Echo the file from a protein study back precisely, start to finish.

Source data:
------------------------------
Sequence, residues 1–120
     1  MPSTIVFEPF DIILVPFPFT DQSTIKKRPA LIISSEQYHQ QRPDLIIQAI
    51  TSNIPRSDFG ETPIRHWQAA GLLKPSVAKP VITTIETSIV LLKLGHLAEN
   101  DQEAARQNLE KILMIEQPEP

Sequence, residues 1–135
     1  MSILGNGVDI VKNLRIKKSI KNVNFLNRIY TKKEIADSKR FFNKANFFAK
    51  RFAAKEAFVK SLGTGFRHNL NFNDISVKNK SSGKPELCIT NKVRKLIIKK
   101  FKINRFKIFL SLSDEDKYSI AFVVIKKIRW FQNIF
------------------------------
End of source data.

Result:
Sequence, residues 1–120
     1  MPSTIVFEPF DIILVPFPFT DQSTIKKRPA LIISSEQYHQ QRPDLIIQAI
    51  TSNIPRSDFG ETPIRHWQAA GLLKPSVAKP VITTIETSIV LLKLGHLAEN
   101  DQEAARQNLE KILMIEQPEP

Sequence, residues 1–135
     1  MSILGNGVDI VKNLRIKKSI KNVNFLNRIY TKKEIADSKR FFNKANFFAK
    51  RFAAKEAFVK SLGTGFRHNL NFNDISVKNK SSGKPELCIT NKVRKLIIKK
   101  FKINRFKIFL SLSDEDKYSI AFVVIKKIRW FQNIF